Attorney General encourages Citizen Involvement to make Criminal Justice System work


The Attorney General said citizen involvement is “essential” for the system to work.

Madam Attorney General Sen. Hon. Allyson Mynard-Gibson QC
Madam Attorney General Sen. Hon. Allyson Mynard-Gibson QC

NASSAU, The Bahamas — Beginning Saturday, June 25, the Bahamas Government is increasing the allocation of time and resources to citizen involvement in the criminal justice system, announced Senator the Hon. Allyson Maynard-Gibson, Attorney General and Minister of Legal Affairs in her Fiscal Budget presentation for 2016-2017 in the Senate, Thursday, June 23.

The Attorney General said citizen involvement is “essential” for the system to work.

She said the Government recognises that unless people feel safe, they should not be asked to participate as witnesses. In light of this, the Office of the Attorney-General will host a Witness Care Seminar.

“The criminal justice system starts with a citizen who reports a matter. The system needs that person to become a witness and it ends with citizens who are prepared to serve as jurors,” said the Attorney General.

She said the Office of the Attorney General pledges to do the following:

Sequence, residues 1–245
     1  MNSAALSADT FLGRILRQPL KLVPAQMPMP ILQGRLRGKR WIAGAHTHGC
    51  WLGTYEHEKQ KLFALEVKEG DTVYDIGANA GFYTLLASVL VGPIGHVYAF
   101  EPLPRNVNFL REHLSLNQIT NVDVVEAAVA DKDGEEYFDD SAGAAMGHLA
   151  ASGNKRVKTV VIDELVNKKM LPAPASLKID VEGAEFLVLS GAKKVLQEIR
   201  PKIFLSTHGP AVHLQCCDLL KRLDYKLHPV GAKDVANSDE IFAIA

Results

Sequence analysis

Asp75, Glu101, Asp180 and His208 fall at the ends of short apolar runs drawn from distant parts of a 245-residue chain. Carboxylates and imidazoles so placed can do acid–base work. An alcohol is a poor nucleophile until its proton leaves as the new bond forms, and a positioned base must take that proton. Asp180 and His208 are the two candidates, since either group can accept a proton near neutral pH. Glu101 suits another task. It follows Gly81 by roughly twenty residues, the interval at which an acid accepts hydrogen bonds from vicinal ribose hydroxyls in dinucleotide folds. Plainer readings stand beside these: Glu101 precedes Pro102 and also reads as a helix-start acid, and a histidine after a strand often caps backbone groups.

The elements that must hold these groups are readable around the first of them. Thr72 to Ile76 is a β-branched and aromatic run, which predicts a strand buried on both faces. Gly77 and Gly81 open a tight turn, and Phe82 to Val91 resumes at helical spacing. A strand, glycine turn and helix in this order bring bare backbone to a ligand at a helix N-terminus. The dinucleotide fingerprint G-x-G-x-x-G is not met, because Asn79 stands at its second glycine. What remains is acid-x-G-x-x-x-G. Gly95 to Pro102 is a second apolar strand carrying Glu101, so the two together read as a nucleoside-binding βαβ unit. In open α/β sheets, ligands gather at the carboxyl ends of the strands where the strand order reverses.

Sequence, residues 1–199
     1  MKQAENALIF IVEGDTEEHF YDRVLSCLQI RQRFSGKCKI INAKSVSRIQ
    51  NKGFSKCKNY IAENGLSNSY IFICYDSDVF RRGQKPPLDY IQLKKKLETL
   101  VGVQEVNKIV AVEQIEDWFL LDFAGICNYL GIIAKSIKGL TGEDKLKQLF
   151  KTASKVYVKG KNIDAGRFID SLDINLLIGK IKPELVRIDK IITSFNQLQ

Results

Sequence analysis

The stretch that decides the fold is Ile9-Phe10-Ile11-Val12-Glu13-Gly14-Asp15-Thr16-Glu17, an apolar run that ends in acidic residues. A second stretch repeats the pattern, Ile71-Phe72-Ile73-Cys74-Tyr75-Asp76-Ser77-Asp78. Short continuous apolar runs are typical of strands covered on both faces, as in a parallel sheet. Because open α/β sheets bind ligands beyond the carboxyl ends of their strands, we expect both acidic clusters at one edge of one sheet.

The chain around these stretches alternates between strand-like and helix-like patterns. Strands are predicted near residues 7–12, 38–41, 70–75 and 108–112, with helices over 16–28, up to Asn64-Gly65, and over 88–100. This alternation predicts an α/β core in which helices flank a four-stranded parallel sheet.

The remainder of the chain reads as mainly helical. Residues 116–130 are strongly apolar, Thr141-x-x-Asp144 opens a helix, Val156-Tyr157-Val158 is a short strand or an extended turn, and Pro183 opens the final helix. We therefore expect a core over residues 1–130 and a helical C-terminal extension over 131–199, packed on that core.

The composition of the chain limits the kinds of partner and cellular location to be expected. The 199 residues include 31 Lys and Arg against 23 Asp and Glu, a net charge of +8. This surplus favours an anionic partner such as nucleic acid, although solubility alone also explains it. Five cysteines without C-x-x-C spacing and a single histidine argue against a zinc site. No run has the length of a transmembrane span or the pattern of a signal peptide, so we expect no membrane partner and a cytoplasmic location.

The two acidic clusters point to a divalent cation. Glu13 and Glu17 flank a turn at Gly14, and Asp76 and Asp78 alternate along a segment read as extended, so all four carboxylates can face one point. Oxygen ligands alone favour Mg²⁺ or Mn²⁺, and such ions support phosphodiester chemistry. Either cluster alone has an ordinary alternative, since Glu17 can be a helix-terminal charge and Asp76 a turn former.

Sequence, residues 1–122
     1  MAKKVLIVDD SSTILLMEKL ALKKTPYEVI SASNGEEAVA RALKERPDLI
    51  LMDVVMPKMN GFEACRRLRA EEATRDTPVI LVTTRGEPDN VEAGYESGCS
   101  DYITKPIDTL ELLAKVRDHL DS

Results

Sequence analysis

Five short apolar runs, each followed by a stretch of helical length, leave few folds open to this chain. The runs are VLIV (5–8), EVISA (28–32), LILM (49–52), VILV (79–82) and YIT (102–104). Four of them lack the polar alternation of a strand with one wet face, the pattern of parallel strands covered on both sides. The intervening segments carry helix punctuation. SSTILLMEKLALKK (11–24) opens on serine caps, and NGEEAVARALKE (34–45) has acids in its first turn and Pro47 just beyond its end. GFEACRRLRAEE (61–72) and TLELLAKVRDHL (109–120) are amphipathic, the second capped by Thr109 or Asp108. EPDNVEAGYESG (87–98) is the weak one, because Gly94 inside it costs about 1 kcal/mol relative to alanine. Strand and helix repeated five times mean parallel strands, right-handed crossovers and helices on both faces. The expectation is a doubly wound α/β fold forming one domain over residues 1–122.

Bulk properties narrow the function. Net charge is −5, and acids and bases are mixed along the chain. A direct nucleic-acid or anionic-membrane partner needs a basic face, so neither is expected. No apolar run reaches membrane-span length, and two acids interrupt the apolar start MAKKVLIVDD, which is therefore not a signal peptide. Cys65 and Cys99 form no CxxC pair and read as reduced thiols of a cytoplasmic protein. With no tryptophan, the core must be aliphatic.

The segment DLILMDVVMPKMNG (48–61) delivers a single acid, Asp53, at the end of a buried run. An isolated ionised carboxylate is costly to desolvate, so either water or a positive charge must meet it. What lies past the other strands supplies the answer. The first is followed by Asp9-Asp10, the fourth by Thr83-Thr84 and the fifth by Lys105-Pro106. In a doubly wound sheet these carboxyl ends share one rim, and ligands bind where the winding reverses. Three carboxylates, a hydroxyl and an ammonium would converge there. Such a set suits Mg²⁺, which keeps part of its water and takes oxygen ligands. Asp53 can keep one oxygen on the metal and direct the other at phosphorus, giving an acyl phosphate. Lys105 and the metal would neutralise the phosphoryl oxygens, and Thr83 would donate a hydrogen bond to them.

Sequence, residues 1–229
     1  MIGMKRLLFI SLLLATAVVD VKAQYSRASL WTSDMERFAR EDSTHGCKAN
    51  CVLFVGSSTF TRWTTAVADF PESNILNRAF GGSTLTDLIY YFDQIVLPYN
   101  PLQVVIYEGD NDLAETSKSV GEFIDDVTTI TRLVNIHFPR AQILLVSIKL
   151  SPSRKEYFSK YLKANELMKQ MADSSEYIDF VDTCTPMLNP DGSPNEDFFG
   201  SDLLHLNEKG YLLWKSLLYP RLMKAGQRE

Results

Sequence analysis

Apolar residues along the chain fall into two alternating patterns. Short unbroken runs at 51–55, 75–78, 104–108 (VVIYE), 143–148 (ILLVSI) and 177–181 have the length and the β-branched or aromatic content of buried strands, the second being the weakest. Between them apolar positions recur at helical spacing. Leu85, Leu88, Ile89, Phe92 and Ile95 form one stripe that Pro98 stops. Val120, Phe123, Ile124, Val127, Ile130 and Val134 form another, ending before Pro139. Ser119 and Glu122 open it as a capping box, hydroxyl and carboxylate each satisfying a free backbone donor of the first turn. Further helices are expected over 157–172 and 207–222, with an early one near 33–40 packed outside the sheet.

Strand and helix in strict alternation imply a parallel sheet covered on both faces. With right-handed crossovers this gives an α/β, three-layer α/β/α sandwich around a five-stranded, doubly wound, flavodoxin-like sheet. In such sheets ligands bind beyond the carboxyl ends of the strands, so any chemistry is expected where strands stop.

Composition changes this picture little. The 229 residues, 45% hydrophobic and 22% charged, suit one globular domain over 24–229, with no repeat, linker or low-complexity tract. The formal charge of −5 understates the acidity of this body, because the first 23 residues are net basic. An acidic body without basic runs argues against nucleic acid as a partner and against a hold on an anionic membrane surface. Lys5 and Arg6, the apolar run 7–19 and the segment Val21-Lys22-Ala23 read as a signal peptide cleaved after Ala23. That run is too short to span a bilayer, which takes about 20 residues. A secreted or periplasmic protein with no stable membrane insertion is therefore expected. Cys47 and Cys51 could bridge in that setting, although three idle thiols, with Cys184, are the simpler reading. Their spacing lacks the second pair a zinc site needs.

· Hold the witness’ hand throughout the process
· To fully advise the witness of his rights, including witness anonymity and witness protection
· To keep witnesses fully informed by maintaining regular contact with witnesses
· To be available at times set for interviews
· To be available to answer questions

She told Senators that the Office of the Attorney General would like witnesses to agree to do their part by staying engaged up to and including trial – including reporting any attempt to intimidate – an offence punishable by imprisonment and that trial will be fast tracked.

“Imagine a murder case that has been investigated, the accused charged, the Voluntary Bill of Indictment presented in record time and the matter is ready for trial – let us say in nine months.

“This matter cannot be tried if witnesses are not prepared to come to give evidence. And it cannot be tried if persons are not prepared to serve as jurors. All the work is done but we cannot proceed. And why? Lack of involvement by citizens. We want citizens to have a full appreciation for their vital role in the administration of justice.

“So even though the system has the capacity to sustain and complete trials within a reasonable period of time, unless citizens are prepared to do their part, the system will not work as intended.”

Public seminars and events in relation to jury service will also take place.

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